The enactment of a new law in Tennessee that increases criminal penalties for protest-related conduct, including up to six years imprisonment for illegally camping on state land, represents a blow to the free speech and assembly rights of all Tennesseeans, PEN America said today.

Last Thursday, Tennessee Governor Bill Lee signed Senate Bill 8005 into law. The bill creates or expands on several criminal penalties for unlawful conduct related to protest, including by making unauthorized camping on state property into a Class E Felony, punishable by up to six years in prison. Under Tennessee law, a felony conviction results in the loss of a person’s right to vote. The law goes into effect October 1.

“This is an anti-protest law, plain and simple,” said James Tager, PEN America’s deputy director of free expression policy and research. “There is only one thing that this bill would effectively accomplish, and that is to reduce the legal space for protesters to make their voices heard. The fact that this law could be used to effectively strip the right to vote from protesters—the very people assembling to assert their rights and to demand action from their elected officials—demonstrates the anti-democratic nature of this legislation.”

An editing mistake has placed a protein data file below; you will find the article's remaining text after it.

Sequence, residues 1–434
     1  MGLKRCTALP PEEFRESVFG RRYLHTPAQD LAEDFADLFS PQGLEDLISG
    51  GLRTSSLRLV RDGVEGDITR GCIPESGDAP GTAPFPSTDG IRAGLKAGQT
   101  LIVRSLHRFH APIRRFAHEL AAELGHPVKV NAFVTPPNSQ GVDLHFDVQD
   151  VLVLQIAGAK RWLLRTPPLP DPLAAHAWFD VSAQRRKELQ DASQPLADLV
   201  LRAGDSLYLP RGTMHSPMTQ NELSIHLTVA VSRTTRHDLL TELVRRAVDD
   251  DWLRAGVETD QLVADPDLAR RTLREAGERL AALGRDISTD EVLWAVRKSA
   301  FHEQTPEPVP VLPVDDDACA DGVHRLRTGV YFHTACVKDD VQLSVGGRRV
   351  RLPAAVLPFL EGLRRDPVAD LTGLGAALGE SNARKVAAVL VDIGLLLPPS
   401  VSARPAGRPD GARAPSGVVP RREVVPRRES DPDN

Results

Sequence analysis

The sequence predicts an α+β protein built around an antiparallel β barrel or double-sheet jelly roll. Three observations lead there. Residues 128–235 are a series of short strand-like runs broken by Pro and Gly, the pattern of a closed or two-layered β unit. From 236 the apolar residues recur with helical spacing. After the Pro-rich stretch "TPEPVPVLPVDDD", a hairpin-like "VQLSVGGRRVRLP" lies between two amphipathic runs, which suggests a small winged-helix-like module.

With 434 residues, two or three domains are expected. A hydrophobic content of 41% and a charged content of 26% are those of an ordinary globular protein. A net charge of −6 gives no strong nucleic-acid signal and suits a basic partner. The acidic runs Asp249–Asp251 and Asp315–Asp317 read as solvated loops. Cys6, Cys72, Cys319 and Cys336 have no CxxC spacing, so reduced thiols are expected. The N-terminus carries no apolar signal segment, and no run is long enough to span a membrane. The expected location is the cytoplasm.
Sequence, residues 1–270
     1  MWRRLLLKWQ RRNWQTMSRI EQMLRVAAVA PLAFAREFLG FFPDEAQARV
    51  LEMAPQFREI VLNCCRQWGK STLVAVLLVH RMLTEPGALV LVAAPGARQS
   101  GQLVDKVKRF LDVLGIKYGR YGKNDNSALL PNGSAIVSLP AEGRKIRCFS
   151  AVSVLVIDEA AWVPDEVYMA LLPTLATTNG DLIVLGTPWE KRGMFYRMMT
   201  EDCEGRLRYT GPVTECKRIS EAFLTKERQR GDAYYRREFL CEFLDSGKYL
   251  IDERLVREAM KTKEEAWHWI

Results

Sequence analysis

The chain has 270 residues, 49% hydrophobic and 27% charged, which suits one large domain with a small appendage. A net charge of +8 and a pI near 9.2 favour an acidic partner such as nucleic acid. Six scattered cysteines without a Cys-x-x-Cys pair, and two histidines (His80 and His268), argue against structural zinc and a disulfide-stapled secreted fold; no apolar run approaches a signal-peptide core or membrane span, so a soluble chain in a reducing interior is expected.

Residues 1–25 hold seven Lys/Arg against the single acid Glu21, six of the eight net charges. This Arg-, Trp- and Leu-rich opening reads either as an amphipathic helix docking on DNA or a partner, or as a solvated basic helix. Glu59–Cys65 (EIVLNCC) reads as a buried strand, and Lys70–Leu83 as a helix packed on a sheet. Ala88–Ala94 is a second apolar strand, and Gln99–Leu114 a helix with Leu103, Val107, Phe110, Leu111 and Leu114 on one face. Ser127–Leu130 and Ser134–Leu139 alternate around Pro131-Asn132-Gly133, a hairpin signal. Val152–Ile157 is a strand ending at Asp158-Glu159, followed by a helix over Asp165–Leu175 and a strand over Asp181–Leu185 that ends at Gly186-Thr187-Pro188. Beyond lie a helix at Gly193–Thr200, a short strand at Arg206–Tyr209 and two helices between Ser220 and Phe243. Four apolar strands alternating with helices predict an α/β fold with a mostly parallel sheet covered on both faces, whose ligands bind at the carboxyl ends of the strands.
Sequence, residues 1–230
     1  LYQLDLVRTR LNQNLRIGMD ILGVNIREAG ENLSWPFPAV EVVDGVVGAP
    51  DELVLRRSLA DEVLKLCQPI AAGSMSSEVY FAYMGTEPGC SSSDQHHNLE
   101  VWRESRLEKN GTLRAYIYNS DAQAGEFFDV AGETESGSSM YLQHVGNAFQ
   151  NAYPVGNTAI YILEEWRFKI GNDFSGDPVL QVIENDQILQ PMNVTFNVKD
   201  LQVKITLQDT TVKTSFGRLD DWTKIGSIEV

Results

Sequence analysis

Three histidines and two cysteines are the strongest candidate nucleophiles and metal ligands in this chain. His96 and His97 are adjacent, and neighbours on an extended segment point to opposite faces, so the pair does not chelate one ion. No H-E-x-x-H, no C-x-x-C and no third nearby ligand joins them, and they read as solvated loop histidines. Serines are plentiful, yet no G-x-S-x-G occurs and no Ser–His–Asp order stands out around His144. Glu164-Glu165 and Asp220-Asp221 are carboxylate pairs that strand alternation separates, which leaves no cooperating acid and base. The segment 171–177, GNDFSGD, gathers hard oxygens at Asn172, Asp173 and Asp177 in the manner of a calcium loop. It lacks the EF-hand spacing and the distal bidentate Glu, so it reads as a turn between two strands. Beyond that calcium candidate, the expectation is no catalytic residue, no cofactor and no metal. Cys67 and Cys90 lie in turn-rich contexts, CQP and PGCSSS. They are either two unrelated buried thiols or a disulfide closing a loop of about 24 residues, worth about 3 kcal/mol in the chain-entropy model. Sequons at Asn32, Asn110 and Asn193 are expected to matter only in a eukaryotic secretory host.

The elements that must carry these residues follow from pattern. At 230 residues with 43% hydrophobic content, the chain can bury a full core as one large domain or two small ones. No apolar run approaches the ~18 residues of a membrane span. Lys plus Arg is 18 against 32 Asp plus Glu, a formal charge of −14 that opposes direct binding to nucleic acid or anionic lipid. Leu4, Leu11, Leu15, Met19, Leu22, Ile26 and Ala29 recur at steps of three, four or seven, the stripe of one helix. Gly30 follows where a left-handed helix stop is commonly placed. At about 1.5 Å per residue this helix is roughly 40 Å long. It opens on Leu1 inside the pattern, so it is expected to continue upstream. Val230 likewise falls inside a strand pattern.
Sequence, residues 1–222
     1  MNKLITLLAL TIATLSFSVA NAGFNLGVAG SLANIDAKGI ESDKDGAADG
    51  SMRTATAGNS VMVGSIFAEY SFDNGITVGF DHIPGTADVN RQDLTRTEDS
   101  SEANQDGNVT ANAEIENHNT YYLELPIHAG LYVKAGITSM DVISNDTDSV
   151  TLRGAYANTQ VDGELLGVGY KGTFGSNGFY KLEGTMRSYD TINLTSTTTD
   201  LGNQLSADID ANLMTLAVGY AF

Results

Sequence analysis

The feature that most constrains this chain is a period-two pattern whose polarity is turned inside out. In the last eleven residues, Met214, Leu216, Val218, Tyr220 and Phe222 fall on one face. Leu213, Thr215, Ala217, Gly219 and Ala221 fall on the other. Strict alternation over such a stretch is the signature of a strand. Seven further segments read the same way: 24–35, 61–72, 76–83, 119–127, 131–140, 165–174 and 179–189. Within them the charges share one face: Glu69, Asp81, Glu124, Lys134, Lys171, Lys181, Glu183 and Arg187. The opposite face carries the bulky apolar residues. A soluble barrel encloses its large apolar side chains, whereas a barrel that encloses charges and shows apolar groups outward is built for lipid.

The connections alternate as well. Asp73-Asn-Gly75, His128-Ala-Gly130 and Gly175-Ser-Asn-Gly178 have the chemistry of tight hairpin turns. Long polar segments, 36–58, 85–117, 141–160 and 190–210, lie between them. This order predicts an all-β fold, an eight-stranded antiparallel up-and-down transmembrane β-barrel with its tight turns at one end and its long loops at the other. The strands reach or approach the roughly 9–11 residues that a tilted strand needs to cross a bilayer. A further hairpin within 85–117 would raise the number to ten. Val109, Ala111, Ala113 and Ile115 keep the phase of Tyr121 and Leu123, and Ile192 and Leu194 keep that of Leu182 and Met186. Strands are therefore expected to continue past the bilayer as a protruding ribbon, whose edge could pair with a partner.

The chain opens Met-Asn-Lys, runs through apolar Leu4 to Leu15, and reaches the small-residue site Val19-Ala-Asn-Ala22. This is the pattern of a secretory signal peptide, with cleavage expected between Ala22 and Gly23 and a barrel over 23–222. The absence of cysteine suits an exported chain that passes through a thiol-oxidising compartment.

Governor Lee signed the bill against the backdrop of months of protests outside the Tennessee State Capitol, led by activists calling for criminal justice reforms. Governor Lee has refused to meet with these activists. 

“This new law fits squarely within the alarming trend of state-level officials crafting bills that are inherently injurious to our First Amendment rights, in direct response to protests, primarily those led by people of color,” Tager said. “To Tennessee officials, we say: Stop making it easier to arrest protesters. It is your job to safeguard constitutional rights, not tread on them.”

The law is the newest in a years-long trend of state-level officials across the country crafting legislation that limits the lawful space for protesters. In a report released earlier this year, PEN America documented and analyzed over 100 such bills, concluding that such bills were commonly “unnecessary, overbroad, and in many cases, aimed at deterring specific protest movements,” particularly movements led by people of color.